"DNA is a record of who we are and how we are related to each other," says Scott Woodard who heads the Center for Molecular Genealogy at Brigham Young University.  "DNA can identify an individual, link him to a family and identify extended family groups (tribes or clans)."  Researchers are using the Y chromosome passed from father to son unchanged except for minor mutations for many years.  Using the Y chromosome testing we can expect to achieve many personal and group goals for our research.

Our objectives for this project:

1.  Identify Gordons and Gordon Septs who are genetically-related

2. Prove or disprove theories proposed by leading Gordon researchers such as Dr. JM Bulloch and Dr. Edward Gordon of Cairnfield

3. Determine any genetic relationship between Gordons and their Septs.  

4. Break down brick walls in our research.

5.  Help us focus and give direction on a particular area for further research.

6.  Verify existing facts or clear up Gordon family mysteries.

7. Promote and support the surname DNA projects of Gordon Septs.


These are very broad goals and should be very easy for us to achieve.  More concrete and directly related goals that I think we will be able to accomplish are:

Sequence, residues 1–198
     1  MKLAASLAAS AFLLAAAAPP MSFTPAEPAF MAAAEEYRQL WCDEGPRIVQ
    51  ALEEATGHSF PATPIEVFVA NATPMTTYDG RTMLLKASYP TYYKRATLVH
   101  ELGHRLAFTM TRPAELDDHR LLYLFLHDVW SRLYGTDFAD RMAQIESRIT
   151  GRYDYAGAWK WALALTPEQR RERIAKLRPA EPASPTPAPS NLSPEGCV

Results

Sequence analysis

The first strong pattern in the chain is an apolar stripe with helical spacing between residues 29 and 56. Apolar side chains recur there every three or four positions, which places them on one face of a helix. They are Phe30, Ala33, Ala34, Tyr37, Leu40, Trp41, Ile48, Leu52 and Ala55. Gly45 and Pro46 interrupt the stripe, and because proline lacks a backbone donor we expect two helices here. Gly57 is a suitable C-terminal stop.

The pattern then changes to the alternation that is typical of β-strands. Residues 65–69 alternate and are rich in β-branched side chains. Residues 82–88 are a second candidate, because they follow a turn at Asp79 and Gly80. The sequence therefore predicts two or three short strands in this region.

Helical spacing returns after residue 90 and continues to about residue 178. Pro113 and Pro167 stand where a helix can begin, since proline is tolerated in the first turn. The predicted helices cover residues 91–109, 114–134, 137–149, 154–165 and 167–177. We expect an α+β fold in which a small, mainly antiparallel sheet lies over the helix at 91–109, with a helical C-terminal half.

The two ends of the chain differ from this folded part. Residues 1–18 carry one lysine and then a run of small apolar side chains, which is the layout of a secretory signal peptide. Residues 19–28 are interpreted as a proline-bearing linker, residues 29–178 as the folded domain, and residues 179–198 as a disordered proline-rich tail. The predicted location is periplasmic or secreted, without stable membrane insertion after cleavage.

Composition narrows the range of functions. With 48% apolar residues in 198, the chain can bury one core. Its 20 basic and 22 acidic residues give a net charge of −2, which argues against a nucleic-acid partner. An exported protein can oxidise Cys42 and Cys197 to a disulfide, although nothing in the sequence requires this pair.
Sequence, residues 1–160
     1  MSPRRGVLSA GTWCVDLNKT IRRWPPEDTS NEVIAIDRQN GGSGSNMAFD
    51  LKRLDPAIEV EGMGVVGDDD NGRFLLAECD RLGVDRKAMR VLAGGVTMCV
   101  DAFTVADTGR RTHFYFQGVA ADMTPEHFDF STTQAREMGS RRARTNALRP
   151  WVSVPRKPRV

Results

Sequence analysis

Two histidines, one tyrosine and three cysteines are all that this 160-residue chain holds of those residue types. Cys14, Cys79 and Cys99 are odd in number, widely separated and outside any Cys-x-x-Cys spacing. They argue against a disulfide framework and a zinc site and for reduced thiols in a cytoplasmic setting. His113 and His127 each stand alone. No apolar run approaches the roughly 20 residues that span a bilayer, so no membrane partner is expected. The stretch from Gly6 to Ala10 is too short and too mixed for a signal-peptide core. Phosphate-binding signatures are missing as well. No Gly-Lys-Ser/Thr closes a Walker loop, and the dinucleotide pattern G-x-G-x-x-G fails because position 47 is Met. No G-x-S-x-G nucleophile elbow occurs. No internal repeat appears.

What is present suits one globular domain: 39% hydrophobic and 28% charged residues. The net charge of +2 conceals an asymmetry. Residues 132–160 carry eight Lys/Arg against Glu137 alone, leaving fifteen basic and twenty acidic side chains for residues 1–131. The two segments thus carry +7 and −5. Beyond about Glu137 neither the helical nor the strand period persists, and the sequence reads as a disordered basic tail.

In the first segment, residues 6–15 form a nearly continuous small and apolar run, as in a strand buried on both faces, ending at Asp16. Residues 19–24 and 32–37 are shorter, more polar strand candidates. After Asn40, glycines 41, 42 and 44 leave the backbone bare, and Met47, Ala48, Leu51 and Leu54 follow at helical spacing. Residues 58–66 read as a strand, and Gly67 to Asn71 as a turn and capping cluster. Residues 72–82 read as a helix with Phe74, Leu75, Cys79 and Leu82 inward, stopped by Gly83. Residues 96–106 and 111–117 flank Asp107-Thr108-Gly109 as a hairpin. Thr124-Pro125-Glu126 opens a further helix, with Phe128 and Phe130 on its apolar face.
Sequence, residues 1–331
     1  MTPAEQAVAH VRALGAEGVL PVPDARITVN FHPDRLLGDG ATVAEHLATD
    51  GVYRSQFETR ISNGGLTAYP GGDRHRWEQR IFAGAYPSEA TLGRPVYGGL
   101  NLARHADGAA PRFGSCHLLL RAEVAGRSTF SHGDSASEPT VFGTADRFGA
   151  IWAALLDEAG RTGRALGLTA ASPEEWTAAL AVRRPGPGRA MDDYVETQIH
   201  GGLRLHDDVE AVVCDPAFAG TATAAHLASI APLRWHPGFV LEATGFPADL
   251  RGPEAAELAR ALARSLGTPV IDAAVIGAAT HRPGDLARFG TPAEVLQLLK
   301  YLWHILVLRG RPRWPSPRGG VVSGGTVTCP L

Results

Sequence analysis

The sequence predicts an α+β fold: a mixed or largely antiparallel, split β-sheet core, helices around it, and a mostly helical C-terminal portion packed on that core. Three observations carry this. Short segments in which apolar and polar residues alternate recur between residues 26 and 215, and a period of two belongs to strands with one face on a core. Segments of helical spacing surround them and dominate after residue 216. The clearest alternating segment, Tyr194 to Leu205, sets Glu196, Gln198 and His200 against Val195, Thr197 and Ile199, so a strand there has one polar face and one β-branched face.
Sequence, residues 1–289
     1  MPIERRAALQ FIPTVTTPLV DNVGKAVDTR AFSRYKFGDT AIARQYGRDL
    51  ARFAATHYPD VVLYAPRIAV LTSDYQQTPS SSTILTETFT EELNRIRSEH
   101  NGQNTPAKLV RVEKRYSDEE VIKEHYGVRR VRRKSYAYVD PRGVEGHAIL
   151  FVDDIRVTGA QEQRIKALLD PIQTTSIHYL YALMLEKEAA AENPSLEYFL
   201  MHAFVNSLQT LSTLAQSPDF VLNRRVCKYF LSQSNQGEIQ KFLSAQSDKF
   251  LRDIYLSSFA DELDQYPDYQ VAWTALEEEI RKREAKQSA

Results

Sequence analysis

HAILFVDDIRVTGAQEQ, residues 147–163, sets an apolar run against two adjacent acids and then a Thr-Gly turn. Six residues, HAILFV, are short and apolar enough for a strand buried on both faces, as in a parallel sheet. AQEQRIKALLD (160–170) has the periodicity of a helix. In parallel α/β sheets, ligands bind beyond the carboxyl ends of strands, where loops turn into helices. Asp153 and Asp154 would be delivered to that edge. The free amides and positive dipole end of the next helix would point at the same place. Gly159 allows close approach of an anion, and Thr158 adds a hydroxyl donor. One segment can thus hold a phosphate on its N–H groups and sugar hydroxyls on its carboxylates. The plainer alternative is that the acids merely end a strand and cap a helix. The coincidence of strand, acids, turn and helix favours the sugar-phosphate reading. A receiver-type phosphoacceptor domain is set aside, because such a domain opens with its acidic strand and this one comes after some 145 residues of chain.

1. Find the origins of the Gordon surname.

2. Categorically determine the DNA sequence for all House of Gordon branches.

3. Determine relationships between the various Gordon families and Gordon Septs.

4. Formulate a migration pattern for our Gordons based on family relationships and maybe even tie into some collateral lines, including Septs.

5. Identify possible relationship between the various clans that bear the three boars' heads on their coat-of-arms, including the Nesbitts, Swintons, Setons and Allerdice clans.

6. Were the Gordons, Normans? Why were they in the lowlands before the Norman invasion?

7. Help each of us realize a personal goal in our research.